But the other poster is absolutely right: don't over think it. There's a market out there for these bonds pricing daily, spreads change. The big picture move is not going to be whether your yield is 2-3 basis points higher or lower, but things like: will interest rates start increasing in a secular way, putting pressure on bond prices? will CA finances weaken putting upward pressure on spreads? will tax-exempt treatment of muni bonds change at some point, which would be a radical dislocation to the market? etc....
kirk1299
Posts: 12
Joined: Mon Oct 12, 2020 8:04 pm

Re: VCITX question

Post by kirk1299 »

Just to give you a more positive case, as well - if investors were to think that tax rates were to go up, and if investors were to think that the tax treatment of muni bonds were not going to change, then that would make muni bonds more attractive to many investors.

(We aren't allowed to speculate about what might happen with tax policy here, so I simply provide a counterfactual statement which is definitionally true, and does note portend any particular outcome.)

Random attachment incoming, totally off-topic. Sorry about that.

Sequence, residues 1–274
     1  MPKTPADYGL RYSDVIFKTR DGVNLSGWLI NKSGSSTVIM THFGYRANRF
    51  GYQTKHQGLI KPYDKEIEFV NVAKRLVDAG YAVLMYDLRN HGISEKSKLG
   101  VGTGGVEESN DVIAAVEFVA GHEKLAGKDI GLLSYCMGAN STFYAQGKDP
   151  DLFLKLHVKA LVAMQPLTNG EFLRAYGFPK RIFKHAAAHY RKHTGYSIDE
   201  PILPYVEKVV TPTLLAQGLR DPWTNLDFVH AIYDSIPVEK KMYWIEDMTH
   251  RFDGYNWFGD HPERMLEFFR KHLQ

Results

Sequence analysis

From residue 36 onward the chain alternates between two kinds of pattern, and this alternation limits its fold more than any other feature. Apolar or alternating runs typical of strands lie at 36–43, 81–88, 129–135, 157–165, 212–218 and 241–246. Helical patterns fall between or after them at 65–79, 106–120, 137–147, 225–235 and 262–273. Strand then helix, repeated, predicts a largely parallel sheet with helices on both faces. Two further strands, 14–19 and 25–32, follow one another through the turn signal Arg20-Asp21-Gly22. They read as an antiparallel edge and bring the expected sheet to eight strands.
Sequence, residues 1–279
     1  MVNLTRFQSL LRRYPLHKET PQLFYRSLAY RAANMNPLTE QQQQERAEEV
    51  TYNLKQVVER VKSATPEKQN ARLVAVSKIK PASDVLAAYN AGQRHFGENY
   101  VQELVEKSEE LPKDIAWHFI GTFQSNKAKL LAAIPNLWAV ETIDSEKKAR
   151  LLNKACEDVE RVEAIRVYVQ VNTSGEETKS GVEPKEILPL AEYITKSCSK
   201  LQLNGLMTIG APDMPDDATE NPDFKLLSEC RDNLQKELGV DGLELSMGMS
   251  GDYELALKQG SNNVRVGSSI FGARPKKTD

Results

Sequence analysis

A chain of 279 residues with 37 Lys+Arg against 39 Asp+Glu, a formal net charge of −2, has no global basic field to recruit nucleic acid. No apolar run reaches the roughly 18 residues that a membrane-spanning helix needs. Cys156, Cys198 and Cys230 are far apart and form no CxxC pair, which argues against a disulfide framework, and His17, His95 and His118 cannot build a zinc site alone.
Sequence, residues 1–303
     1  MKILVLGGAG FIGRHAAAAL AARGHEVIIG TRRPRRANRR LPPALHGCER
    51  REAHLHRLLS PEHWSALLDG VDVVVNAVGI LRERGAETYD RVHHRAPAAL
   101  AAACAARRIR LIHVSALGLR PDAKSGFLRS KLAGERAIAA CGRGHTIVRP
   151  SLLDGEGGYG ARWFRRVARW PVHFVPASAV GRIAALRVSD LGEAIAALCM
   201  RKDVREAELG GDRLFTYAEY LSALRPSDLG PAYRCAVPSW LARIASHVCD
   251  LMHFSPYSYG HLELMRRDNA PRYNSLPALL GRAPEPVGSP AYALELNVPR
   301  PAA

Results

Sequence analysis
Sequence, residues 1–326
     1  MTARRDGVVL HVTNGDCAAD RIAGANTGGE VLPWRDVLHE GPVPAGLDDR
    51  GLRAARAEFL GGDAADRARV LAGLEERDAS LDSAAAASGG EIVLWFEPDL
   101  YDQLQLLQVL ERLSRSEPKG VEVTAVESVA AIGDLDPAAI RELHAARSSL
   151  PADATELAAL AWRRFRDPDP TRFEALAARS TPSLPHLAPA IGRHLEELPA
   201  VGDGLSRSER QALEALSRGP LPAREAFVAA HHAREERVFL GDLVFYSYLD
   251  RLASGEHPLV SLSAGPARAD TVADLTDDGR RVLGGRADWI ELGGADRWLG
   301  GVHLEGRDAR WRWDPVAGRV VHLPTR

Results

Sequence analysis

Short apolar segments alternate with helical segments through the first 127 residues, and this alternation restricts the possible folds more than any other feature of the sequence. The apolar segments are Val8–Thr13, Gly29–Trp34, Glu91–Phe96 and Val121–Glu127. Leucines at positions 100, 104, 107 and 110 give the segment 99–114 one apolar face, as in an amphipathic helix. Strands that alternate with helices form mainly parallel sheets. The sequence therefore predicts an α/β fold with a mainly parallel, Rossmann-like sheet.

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Electron
Posts: 2118
Joined: Sat Mar 10, 2007 8:46 pm

Re: VCITX question

Post by Electron »

I've been investing in this fund since 1994 and hold it for tax-exempt income without reinvesting distributions.

You can track SEC Yield using the Vanguard Price History Search Tool.

https://personal.vanguard.com/us/funds/ ... &year=#res

Vanguard also provides the Distribution Yield for the fund which has been quite a bit higher than the SEC Yield.

https://investor.vanguard.com/mutual-fu ... ions/vcitx

"The fund's current monthly income dividend per share, annualized by dividing by the number of days in the month and multiplying by 365, and shown as a percentage of the fund's average net asset value (NAV) during the month."
Electron
Topic Author
SantaClaraSurfer
Posts: 191
Joined: Tue Feb 19, 2019 11:09 am

Re: VCITX question

Post by SantaClaraSurfer »

Electron wrote: Mon Oct 19, 2020 2:30 pm I've been investing in this fund since 1994 and hold it for tax-exempt income without reinvesting distributions.

You can track SEC Yield using the Vanguard Price History Search Tool.

https://personal.vanguard.com/us/funds/ ... &year=#res